the concepts in this book.
Me and My Numb Spots
One pill makes you larger, and one pill makes you small;
and the ones that mother gives you don’t do anything at all.
I have numb spots in my brain. I’m always surprised when they take
an active role in my life, being numb spots and all. Sometimes when
something very dramatic happens, I don’t feel things—mentally,
physically, or emotionally. Of course, at other times you might find me
weeping while watching puppies or a brilliant sunset.
Over the years, I’ve done a lot of research, learning and observing,
and have integrated the best of it into this book to serve as an entry
point for those looking for a way to move forward. I love knowing that
my résumé, the work I do, my education, my financial circumstances,
and my previous experiences do not define me. Nor do the roles I play
in this world or any of those questionable choices I’ve made over the
years (although many of those choices, as it turns out, make darn good
Dee G. Suberla
My questionable choices serve as great examples of how a person
can transcend his or her circumstances and ignite his or her own power
to live a life filled with wonder, beauty, and passion. For me, it’s all
about learning and moving forward—just moving forward in love and
joy. When I discovered my purpose, I was so grateful that I could live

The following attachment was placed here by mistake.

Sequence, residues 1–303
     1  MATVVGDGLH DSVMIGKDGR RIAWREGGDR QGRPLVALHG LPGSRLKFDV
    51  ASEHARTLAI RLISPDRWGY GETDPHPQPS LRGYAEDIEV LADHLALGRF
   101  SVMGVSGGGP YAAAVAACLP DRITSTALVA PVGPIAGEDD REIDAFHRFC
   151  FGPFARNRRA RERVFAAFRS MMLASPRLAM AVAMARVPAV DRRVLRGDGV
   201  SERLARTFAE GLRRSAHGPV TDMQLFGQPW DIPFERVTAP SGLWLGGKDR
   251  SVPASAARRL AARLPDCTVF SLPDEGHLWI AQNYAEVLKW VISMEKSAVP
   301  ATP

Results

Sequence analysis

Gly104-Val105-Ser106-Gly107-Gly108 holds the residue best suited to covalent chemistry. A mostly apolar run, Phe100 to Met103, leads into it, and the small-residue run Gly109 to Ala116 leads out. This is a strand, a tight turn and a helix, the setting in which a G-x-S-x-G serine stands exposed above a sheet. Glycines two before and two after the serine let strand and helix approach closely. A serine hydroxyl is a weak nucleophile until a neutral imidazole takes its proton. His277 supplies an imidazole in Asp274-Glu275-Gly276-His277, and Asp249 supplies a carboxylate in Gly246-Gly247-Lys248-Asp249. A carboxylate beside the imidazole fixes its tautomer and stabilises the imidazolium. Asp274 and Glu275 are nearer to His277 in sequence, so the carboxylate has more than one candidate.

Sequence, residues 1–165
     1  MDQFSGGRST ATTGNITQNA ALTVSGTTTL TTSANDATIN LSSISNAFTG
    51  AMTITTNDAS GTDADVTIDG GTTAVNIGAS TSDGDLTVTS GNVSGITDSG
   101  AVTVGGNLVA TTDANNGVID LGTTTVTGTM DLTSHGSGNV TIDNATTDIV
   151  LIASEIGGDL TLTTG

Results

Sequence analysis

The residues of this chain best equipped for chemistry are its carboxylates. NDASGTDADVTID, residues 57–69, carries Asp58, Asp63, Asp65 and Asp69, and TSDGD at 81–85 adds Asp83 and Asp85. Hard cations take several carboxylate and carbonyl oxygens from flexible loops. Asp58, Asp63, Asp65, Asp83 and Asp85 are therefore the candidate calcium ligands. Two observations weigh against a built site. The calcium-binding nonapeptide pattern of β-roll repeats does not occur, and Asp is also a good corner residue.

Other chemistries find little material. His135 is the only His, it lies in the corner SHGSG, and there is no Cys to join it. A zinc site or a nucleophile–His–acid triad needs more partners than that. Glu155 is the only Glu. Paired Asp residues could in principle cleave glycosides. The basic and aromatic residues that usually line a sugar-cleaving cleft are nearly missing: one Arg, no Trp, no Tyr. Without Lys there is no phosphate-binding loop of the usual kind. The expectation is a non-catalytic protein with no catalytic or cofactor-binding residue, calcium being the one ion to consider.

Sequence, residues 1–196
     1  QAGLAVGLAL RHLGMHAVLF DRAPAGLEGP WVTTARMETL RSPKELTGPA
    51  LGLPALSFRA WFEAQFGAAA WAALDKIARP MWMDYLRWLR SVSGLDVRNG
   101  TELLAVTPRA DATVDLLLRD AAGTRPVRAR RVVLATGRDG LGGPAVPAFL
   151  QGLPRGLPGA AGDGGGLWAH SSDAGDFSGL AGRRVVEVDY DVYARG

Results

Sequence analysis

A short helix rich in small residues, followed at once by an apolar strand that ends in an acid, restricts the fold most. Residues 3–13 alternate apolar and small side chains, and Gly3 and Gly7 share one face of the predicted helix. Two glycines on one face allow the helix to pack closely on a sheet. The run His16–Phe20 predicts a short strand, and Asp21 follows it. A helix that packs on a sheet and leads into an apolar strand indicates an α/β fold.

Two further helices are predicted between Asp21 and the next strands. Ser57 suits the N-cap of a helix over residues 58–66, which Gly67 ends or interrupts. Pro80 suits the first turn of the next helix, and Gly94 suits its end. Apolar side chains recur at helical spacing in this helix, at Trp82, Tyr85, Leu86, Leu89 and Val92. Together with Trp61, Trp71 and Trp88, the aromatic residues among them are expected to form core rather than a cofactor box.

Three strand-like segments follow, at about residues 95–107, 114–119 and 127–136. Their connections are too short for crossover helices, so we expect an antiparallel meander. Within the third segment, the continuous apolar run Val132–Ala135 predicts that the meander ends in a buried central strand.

the life that I wanted to live but felt disconnected from the possibility
of it happening. And then I discovered my power, and quite honestly,
it turns out we do have superpowers!
Hello, I’m Dee Suberla. I help people figure out what they really
want in their lives, and then I help them get out of their own way so
it can happen!
I believe we are all aspects of the same thing, lovely facets of a
single jewel, separate waves on the ocean, clusters of particles in the
same universal soup. I believe that because inside the real me and the
real you—at our very cores—are those tiny specks that God blessed
us with; some call them souls or spirits. Everything in the universe is
connected—yes, including my numb spots.
This took me a while to learn or, more truthfully, to believe. Now
I know that I’m here to engage life through the passions that drive me.
Part of all this, in my case, is that I have numb spots due to the fact that I
need them; they help me in my work, and I believe I access them during
times when objectivity is required. Turns out they’re quite useful.
So how does one go about developing numb spots? I think there
must be a million ways. I believe that my original numb spots were
there when I was born. I can remember occasionally spacing out at a
very young age. The earliest memory of this was the time I forgot to
put my hand down after a vote was over. Some of the parents in our
neighborhood were creating a new club for girls my age. They asked
C’mon, Let’s Play!
for suggestions, and I suggested the name Us Guys. The lady in charge
suggested we change it to Us Gals. By a show of hands, we voted and
agreed. The name Us Gals won hands down—well, one hand was still
up. I was talking to my girlfriend well after the vote was over, with
that darn hand stuck up in the air like some sort of spaced-out flagpole.
“Put your hand down,” my friend Toni whispered. For a second
there, I looked up at it completely confused. What the heck? As I slid my
hand down to my lap, I wondered how someone could forget something
like that and became extremely concerned. I immediately imagined
that all those nightmares about forgetting to get dressed before school
could really come true.
The numb spots, which are actually ischemic scar tissue, are located